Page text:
Big Pharma just struck a big blow against its generic competition.
Fueled by a string of high-profile drug patent expirations, a wave of new generics has hit the market in the past few years. A few leading drug makers decided enough was enough and are now offering coupons to customers to reduce co-payments on prescription medication in order to combat the competition from cheaper, non-prescription alternatives.
Pfizer tested the strategy in 2011 and has now implemented a coupon program for six of its drugs. The list includes cholesterol-lowering medication Lipitor, one of the best-selling drugs of all-time, which went off patent on Nov. 2011. Pfizer's patent loss of Lipitor is part of a larger trend that is posing a threat to branded pharmaceutical companies.
Drugs with more than $110 billion in annual sales will hit patent expirations this decade, according to health care research firm IMS Health. This trend will likely drive more big pharmaceutical companies to follow Pfizer's lead. With Big Pharma's robust cash flow and better distribution network, the smaller generic drug makers will probably see their profit margins shrink.
Big Pharma is hardly rolling over and dying from the impending patent expirations. As it stands, the group is trending remarkably well against the recent wave of generic competition, just as I wrote about last month. In fact, the industry is using the generic threat as an opportunity to recalibrate, get more competitive and tap into new markets and customers.
Looking forward, Big Pharma stocks offer a unique combination of value and income. A number of these leading companies are trading with historically low valuations after capital flowed out of the sector over concerns about patent expirations. And with dividend yields above 4% in some cases, these stocks offer an attractive stream of income in a low interest rate environment.
Here are my top three picks from the group:
1. Pfizer Inc. (NYSE: PFE)
After producing huge gains for investors in the late 1990s, Pfizer spent most of the 2000s disappointing Wall Street and trending lower. Now shares are once again on a bullish track, jumping 48% in the past two years and 10% so far in 2012. But even after the recent string of gains, Pfizer's forward price-to-earnings (P/E) ratio of 11 is a solid discount to the industry average of 14. If Pfizer returned to the same valuation as the industry, shares would climb above $30, a 27% increase from current levels. Pfizer also pays a dividend yield of almost 4%.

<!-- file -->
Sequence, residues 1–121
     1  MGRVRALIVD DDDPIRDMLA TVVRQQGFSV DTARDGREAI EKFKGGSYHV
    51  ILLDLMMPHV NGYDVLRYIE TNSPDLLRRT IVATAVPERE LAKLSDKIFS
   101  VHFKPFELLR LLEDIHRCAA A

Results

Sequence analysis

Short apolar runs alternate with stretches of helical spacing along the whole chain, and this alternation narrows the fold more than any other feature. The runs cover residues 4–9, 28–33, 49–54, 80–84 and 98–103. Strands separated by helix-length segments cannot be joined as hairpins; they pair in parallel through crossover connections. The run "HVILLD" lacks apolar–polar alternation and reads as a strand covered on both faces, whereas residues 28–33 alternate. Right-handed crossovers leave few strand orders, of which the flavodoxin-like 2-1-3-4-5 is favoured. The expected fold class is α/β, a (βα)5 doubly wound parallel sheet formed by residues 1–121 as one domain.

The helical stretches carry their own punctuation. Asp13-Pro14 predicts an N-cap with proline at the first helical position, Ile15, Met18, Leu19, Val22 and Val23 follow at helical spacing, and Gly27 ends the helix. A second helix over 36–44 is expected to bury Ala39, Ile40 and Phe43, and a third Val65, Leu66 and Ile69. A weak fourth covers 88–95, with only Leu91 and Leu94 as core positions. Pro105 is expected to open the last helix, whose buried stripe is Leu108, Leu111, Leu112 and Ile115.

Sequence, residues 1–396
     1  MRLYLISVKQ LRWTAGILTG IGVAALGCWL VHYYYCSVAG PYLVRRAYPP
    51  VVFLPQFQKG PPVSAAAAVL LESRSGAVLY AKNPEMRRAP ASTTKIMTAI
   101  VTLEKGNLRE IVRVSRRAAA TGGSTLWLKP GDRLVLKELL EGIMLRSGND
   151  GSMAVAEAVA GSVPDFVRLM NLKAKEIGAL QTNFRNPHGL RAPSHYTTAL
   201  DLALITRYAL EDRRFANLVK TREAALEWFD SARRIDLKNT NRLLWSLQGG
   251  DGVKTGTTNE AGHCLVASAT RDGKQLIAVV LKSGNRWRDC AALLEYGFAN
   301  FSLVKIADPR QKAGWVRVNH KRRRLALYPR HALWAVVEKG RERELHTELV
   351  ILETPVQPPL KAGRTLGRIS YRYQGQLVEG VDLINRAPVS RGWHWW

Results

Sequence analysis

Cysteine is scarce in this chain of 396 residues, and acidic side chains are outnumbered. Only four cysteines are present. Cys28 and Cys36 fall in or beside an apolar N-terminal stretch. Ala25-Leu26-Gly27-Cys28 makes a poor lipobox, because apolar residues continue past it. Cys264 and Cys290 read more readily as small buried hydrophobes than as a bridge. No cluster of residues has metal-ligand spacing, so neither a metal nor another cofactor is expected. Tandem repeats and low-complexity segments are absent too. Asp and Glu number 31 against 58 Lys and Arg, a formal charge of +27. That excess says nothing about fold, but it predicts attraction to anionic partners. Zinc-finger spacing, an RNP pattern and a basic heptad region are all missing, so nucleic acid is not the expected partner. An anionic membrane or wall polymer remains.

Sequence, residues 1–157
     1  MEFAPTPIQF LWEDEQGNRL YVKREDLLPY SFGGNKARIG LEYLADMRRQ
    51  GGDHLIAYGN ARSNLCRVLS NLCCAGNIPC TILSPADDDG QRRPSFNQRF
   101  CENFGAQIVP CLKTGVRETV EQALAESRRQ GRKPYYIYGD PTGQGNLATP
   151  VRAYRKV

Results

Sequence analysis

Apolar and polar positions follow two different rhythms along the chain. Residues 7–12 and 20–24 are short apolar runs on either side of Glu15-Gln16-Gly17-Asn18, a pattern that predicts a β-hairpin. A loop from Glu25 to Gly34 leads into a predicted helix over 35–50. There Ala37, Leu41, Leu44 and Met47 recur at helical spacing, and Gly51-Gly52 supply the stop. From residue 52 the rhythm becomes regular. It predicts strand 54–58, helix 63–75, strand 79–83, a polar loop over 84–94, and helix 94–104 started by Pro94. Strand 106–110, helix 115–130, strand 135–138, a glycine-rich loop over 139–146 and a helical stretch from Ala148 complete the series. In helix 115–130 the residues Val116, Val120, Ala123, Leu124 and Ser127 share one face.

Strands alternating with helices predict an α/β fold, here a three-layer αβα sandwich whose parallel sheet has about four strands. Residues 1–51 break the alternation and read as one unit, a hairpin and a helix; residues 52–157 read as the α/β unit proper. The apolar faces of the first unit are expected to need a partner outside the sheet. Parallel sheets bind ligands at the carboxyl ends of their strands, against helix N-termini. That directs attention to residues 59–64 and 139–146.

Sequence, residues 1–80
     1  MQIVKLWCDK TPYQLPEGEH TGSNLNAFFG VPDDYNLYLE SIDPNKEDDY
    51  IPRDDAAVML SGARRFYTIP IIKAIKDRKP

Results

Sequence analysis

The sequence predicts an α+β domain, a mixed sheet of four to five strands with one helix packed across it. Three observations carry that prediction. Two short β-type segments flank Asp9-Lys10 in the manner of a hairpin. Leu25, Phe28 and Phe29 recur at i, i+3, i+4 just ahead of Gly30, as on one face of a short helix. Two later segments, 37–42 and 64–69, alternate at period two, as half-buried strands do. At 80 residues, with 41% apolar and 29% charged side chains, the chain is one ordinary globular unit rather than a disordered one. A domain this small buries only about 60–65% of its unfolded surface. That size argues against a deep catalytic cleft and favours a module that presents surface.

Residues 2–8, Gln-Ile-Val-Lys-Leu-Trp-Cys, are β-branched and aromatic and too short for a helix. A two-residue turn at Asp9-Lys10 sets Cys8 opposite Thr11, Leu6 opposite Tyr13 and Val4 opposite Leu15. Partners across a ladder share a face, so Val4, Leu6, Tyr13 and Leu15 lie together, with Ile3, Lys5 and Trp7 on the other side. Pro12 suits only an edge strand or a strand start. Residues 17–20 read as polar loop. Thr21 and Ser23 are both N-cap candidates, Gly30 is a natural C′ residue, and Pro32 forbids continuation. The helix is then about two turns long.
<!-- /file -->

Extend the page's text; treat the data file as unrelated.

What I like most about Bristol Myers is its dividend, currently yielding roughly 4%, which is more than twice what a 10-year Treasury note currently offers. The company has battled the patent expiration of its blockbuster blood thinner Plavix, but it's fighting back with coupons and newly-created partnerships. Bristol Myers has also aggressively strengthened its product portfolio to compensate for lost revenue from its key drug. In spite of record sales, Bristol still trades at a 56% discount to its all-time high of nearly $77. Recovering only half of that would put shares above $54, which is an incredible 67% increase from current levels.
3. Merck & Co. Inc. (NYSE: MRK)
Merck has also been a big winner in 2012, currently up more than 14% on the year. But in spite of this gain, the valuation picture looks compelling. With a forward price-to-earnings (P/E) ratio of 12, Merck also trades at a discount to the industry average of 14. This is a mature company with a market cap of $133 billion, but converging back to a valuation in line with the industry average would give Merck a 17% boost and push shares above $51. In addition to offering coupons for its major drugs, it has organized the Merck Patient Assistance Program, which offers substantial discounts for individuals that meet certain qualifications.
Risks to Consider: Offering coupons and incentives can weigh on margins. To compensate for some of that margin compression, Big Pharma companies will need to tap into new markets and customers, and grow unit volumes.
Action to Take --> Big Pharma stocks currently offer a unique combination of value and yield. These stocks will never be the high flyers they were in the past, but they have grown into stable industry leaders that offer an outsized stream of income. These are two very good reasons to take a serious look at Big Pharma, in particular the three stocks I mentioned above.